Perpetual Mercy Hospital - Case Study

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SEPTEMBER 20, 2010

Perpetual Mercy Hospital (PMH) a 600 bed, independent, not-for-profit, general hospital is one of six general hospitals located in a major western city. Financially stronger than most metropolitan-based hospitals in the United States, it is debt-free and has the highest overall occupancy rate among the city’s of six general hospitals (Rodger and Peterson, 2010, p. 230). In May 1999, PMH formally opened a new Health Clinic in the city’s downtown area. The reasoning behind opening the new clinic was to help PMH expand its referral base through establishing a connection with the business community, and to increase referrals of privately insured patients. Until the 1960s, hospitals were largely charitable institutions that prided themselves on their not-for-profit orientation. Hospitals functioned primarily as workshops for physicians and were guided by civic-minded boards of trustees. Federal intervention in the 1960s changed the concept of health care services from privilege to entitlement (Rodger and Peterson, 2010, p. 228). Since the 1960s, the health care industry has experienced drastic changes that included cutbacks in subsidy programs and cost-control regulations, such as the Balanced Budget Act of 1997 that among other things was aimed to reduce Medicare spending, through reduced payments to providers such as hospitals and nurse practitioners (Wikipedia). Due to the unfavorable demographic shift that has taken place over the years at PMH a large majority of the hospital’s existing patients are covered under Medicare and therefore alternative health care reimbursement programs need to be added and or pushed through their existing or expanded patient care system. Before opening their new center, PMH collected data to determine the types of patient care services needed within the targeted area. Resulting from the information collected the hospital’s newly opened Downtown Health Care (DHC) services would include preventive health care, minor emergency care, referral for acute and chronic health care, offers specialized employer services (pre-employment examinations and treatment of workers’ compensation injuries), primary health care services, and basic x-ray and laboratory tests. Initially the center would operate 206 days a year (Monday-Friday) and from the hours 8:00 am to 5:00 pm (Rodger and Peterson, 2010, p. 230). Recent events have pointed towards the possibility of a privately owned suburban ambulatory facility, Medcenter moving to within five blocks directly north of DHC. Research done by DHC estimated the number of office workers within that five-block radius to be 11,652 in 2001 and 13,590 in 2002, and to grow at an annual rate of 7% through 2005 from new construction and building renovations. DHC and their competitors are believed to be marketing to the same socioeconomic profile, usage and employment characteristics (Rodger and Peterson, 2010, p. 238). DHC collected the following selected health care and demographic information to assist in monitoring its performance: Profile of Downtown Health Clinic Patients: Personal Illness/Exam Visits Only (Rodger and Peterson, 2010, Exhibit 6, p. 237) • Occupation: 48% - clerical, 23% - professional/technical/managerial , 19% -operator ,and 10% other • Sex: 30% - Male and 70% Female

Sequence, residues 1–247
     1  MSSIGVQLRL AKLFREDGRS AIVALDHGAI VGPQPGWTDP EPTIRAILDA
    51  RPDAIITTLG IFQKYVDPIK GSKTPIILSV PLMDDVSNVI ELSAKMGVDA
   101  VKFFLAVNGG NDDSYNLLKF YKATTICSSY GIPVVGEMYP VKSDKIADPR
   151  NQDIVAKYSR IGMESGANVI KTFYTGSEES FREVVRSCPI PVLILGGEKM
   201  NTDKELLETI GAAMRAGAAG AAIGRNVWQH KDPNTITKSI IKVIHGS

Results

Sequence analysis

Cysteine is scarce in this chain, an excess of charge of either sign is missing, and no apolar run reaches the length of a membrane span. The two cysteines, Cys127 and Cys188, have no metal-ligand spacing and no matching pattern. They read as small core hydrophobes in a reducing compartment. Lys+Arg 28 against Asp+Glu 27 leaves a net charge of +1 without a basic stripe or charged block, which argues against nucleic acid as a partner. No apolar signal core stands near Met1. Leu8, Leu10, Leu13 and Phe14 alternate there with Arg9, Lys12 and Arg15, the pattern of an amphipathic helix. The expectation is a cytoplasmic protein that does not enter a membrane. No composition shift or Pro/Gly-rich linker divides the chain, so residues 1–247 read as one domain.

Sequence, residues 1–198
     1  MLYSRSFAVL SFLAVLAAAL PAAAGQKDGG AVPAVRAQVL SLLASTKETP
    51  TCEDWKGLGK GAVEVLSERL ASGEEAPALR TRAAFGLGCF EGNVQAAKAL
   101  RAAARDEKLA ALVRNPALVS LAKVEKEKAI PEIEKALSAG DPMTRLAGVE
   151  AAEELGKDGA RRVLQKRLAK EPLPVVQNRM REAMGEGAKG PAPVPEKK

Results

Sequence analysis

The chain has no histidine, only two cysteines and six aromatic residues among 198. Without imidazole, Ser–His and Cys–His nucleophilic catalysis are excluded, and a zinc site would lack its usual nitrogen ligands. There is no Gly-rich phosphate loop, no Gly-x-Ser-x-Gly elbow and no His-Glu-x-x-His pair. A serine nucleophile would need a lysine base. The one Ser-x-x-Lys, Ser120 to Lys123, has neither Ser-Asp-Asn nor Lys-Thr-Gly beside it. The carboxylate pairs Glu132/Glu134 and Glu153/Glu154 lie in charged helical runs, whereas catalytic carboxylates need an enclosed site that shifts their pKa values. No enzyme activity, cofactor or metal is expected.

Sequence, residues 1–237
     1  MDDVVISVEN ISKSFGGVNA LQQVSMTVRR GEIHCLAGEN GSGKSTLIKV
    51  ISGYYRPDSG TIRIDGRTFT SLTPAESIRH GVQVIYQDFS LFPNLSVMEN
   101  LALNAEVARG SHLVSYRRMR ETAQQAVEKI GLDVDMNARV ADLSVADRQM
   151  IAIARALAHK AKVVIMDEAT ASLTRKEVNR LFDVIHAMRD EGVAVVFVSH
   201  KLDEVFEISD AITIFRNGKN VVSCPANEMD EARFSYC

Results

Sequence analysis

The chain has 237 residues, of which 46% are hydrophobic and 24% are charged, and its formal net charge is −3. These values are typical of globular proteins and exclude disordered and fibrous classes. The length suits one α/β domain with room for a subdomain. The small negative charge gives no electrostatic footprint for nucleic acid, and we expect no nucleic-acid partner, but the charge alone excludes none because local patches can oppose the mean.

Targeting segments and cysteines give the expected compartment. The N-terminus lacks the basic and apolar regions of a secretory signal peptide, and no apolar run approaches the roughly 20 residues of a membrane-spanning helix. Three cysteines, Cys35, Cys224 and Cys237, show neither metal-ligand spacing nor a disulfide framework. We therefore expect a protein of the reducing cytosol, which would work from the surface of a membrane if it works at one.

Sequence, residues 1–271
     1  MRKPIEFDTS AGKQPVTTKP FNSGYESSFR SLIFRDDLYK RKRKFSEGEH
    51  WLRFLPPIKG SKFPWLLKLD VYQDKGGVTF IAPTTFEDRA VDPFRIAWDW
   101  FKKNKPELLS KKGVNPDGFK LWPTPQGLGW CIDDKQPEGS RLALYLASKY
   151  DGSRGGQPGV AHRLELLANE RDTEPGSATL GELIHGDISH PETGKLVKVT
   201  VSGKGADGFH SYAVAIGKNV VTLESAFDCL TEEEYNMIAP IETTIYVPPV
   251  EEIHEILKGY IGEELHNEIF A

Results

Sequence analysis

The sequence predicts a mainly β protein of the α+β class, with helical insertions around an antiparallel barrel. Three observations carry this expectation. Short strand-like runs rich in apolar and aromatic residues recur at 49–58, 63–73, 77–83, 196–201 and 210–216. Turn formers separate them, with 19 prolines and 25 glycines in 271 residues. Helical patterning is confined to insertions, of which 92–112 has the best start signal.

• Referral Source: 35% Friend/colleague, 60% employer, 5% other • Patient Origin (distant): 25% One block, 28% two blocks, 22% three blocks, 15% four block, 8% five block, 2% more than five blocks • Have Regular Physician: 18% Yes, 82% No

In general, some of the things that patients consider when choosing a hospital or clinic for care are the location, waiting times, clinical results and parking facilities. Evidence shows that if you choose a hospital or clinic in which you feel comfortable and confident, you...
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